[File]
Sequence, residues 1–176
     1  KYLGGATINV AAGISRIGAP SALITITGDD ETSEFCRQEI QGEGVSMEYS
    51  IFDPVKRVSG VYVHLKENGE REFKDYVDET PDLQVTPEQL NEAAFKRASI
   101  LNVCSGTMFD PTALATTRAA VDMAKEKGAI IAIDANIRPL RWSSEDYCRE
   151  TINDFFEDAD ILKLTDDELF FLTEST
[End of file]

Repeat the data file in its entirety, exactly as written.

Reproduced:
Sequence, residues 1–176
     1  KYLGGATINV AAGISRIGAP SALITITGDD ETSEFCRQEI QGEGVSMEYS
    51  IFDPVKRVSG VYVHLKENGE REFKDYVDET PDLQVTPEQL NEAAFKRASI
   101  LNVCSGTMFD PTALATTRAA VDMAKEKGAI IAIDANIRPL RWSSEDYCRE
   151  TINDFFEDAD ILKLTDDELF FLTEST